Pretty big question this.
The business of vet practice is changing. It has already. And it continues to morph into something new every week. Over 40% of practices are now in corporate ownership. And counting.
This is fine in itself, but as we all know, when the owners of a business no longer work in them, their relationship with their employees changes drastically.
Businesses will always be focused on profit. they always have been: They can choose to use cheaper catheters and save 70p a time. Or maybe obtain a bulk discount on 150 bottles of Pseudocam. Which is worth more than £220 increased profit over a month.
Or perhaps they choose to pay their vets less. And expect them to work another hour or two per day – for the same pay including weekends. This approach is worth £thousands per month to the business.
So it’s little wonder that business owners aim their cuts at the soft-targets – their employees who’s main focus is on the care of animals – over and above their own needs.
It’s not just the small businesses that are being sold into corporate ownership. Small groups of practices are being gobbled up by larger ones. Even the privately owned VetsNow (the national emergency Out Of Hours care-provider) have been bought-out in the last few weeks.
Private practice owners see all this cash sloshing around, and most realise it’s the ‘top of the market’. They’ll never get as much money for their businesses as they will today. They owe it to their families (and to their retirement) to sell.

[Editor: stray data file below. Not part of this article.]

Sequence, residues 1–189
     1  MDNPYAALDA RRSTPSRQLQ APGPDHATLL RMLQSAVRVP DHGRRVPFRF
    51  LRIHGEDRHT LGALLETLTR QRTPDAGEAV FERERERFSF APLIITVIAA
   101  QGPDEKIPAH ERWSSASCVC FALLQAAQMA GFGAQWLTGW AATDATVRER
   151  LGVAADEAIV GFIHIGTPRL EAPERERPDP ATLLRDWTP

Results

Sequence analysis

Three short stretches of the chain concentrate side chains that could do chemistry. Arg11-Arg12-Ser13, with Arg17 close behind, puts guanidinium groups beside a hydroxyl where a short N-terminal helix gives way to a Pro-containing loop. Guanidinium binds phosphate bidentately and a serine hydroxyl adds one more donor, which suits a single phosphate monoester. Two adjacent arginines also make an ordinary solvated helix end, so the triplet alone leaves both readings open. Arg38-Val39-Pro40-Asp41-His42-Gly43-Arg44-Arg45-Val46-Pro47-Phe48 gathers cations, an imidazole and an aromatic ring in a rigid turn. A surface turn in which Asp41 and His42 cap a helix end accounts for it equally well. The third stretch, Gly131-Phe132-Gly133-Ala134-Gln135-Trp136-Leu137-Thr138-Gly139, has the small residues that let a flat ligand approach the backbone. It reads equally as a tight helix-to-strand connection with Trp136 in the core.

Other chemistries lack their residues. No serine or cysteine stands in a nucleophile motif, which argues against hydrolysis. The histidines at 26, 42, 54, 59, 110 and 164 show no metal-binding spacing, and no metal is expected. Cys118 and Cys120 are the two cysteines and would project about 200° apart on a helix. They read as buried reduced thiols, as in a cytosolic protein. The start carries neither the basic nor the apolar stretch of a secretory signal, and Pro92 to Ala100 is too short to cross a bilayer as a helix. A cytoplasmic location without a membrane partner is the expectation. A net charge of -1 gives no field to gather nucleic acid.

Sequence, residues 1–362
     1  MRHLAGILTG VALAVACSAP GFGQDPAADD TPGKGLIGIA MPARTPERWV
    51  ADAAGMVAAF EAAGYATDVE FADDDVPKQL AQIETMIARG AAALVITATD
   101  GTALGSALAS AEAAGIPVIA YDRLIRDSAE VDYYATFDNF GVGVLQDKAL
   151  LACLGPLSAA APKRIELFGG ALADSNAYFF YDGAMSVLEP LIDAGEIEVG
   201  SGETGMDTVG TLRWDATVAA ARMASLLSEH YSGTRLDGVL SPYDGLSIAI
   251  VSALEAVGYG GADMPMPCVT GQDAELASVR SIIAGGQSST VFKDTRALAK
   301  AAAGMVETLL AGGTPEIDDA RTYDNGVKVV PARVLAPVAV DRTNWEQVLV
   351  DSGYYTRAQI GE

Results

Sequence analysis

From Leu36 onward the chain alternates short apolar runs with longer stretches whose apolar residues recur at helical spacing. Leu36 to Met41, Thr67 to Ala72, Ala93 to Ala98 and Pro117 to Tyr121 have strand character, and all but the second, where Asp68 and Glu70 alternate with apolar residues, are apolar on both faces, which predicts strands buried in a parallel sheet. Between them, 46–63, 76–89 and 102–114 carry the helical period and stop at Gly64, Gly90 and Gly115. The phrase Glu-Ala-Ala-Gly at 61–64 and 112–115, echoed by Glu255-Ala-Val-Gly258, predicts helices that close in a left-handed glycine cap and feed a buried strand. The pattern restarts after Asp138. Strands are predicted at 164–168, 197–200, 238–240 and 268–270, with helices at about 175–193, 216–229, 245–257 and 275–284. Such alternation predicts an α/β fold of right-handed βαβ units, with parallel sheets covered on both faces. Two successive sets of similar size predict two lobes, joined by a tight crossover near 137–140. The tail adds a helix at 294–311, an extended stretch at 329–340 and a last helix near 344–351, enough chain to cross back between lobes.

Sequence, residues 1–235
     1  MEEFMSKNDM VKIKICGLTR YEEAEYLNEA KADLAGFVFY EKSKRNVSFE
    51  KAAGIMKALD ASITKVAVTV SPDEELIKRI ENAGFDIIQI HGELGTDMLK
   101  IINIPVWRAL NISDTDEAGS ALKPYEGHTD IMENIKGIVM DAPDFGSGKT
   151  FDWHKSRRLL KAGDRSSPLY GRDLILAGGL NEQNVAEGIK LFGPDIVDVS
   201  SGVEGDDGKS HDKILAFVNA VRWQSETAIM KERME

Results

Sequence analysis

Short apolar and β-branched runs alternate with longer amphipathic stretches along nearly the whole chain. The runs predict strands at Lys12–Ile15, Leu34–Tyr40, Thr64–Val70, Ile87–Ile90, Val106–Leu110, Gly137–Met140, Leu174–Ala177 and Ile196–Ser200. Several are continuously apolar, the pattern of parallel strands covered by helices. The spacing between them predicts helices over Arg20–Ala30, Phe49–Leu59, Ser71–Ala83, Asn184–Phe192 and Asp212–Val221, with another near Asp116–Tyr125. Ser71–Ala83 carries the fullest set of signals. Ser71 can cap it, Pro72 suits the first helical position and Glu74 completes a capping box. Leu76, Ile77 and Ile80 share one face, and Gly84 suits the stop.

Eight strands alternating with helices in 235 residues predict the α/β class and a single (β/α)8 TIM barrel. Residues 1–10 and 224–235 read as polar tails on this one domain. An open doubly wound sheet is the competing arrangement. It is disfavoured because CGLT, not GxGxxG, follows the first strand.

Then big business comes in, and replaces the original boss’ antiquated management methods with somthing a little bit more rigorous.
The lives of the employees change…
When the investment money flooding in from the USA (and UK venture capital) stops – as it will – there will be less money to pay the vets’ salaries. Even less flexibility in work-rotas. Even less chance of getting 2 weeks holiday in one lump. Even less chance of getting an hour off work to pick up the kids from nursery. Less chance of determining your own work conditions.
All sounds a bit grim and dystopian doesn’t it?
But maybe you have a responsibility to yourself, your daughter, your colleagues, and your family – to think about these changes that are transforming what it’s like ‘to be a vet’.
To see the future, it’s best to have your eyes open…
Being a Vet in the 21st Century – Due to publish January 30th, 2019